Some insurer’s pitches, however, clearly reward brokers’ devotion to them, not necessarily their clients. “To thank you for your loyalty to Humana, we want to extend our thanks with a bonus,” says one brochure pitched to brokers online. Horizon Blue Cross Blue Shield of New Jersey offered brokers a bonus as “a way to express our appreciation for your support.” Empire Blue Cross told brokers it would deliver new bonuses “for bringing in large group business ... and for keeping it with us.”

Delta Dental of California’s pitches appears to go one step further, rewarding brokers as “key members of our Small Business Program team.”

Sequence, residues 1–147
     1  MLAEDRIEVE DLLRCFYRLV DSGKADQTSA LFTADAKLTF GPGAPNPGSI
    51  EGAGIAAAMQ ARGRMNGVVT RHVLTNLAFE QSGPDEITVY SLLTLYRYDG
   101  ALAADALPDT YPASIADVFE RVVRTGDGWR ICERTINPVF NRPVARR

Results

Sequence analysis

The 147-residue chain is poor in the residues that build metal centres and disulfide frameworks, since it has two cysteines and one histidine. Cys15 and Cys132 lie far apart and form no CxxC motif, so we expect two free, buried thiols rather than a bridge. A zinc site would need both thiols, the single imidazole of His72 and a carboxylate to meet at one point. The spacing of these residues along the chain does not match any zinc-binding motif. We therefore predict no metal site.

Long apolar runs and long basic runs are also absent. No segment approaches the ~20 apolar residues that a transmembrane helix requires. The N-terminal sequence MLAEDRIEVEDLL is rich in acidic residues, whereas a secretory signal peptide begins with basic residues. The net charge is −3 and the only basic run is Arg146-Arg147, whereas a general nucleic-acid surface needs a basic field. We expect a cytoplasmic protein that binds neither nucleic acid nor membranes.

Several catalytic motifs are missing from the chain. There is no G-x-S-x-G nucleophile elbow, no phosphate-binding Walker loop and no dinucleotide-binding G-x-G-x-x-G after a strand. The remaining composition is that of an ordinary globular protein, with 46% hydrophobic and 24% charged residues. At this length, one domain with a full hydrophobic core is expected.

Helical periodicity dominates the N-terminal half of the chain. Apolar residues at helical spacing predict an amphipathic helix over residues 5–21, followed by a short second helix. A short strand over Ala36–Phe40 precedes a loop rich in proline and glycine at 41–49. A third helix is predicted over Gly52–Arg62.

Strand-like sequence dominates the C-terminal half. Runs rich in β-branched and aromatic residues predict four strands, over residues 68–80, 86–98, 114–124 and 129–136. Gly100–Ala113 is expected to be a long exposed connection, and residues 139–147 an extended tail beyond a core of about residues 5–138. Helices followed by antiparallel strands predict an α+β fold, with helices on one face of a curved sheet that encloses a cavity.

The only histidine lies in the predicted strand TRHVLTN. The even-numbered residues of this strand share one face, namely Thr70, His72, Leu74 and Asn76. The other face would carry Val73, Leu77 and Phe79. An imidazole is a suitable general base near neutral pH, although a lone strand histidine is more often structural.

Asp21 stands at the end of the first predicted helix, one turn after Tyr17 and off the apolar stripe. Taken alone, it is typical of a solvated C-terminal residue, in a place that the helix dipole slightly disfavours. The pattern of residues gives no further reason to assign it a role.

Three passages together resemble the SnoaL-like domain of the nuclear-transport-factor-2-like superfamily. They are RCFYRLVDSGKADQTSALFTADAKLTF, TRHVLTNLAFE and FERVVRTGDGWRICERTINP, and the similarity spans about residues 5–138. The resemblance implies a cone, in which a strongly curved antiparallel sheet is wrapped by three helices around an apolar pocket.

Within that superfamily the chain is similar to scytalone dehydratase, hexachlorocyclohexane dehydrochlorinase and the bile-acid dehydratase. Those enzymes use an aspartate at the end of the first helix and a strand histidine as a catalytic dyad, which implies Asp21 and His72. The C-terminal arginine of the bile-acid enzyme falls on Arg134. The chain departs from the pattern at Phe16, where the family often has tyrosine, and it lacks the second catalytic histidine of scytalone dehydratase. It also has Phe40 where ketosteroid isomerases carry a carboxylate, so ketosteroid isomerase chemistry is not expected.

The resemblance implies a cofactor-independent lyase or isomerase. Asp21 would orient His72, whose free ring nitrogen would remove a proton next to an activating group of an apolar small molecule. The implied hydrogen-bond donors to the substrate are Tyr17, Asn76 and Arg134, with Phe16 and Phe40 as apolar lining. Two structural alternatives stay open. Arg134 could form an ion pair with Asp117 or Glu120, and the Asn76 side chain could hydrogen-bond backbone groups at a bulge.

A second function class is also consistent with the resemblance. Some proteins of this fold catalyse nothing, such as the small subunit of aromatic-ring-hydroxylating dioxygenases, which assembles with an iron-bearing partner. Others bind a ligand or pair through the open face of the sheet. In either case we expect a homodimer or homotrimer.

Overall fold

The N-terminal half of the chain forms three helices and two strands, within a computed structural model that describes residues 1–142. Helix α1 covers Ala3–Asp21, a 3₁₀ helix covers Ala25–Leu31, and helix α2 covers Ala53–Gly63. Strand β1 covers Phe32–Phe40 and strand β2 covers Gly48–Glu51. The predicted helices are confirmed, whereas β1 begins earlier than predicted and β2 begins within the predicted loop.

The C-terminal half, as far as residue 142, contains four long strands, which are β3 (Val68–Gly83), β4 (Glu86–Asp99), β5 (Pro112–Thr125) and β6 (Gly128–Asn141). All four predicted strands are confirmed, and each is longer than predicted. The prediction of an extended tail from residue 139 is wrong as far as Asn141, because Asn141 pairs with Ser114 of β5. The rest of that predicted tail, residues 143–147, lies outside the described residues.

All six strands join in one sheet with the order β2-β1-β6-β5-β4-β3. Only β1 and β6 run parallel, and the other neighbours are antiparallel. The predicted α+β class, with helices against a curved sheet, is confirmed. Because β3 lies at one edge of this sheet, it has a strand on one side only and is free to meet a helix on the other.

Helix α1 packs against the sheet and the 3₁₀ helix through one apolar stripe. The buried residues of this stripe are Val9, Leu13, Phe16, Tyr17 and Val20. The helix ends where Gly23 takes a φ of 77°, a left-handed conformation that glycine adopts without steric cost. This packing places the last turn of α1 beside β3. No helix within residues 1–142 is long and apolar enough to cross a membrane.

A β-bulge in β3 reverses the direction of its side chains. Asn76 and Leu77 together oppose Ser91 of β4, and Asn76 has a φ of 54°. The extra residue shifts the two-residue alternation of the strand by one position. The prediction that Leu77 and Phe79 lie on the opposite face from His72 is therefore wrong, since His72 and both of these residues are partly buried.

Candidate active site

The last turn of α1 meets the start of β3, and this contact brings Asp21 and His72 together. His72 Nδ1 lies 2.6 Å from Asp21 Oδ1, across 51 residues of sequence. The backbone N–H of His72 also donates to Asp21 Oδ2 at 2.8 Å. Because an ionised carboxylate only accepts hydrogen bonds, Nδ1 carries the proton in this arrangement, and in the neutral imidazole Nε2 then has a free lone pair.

ProPublica reached out to all the insurers named in this story, and many didn’t respond. Cigna said in a statement that it offers affordable, high-quality benefit plans and doesn’t see a problem with providing incentives to brokers. Delta Dental emphasized in an email it follows applicable laws and regulations. And Horizon Blue Cross said its gives employers the option of how to pay brokers and discloses all compensation.

The effect of such financial incentives is troubling, said Michael Thompson, president of the National Alliance of Healthcare Purchaser Coalitions, which represents groups of employers who provide benefits. He said brokers don’t typically undermine their clients in a blatant way, but their own financial interests can create a “cozy relationship” that may make them wary of “stirring the pot.”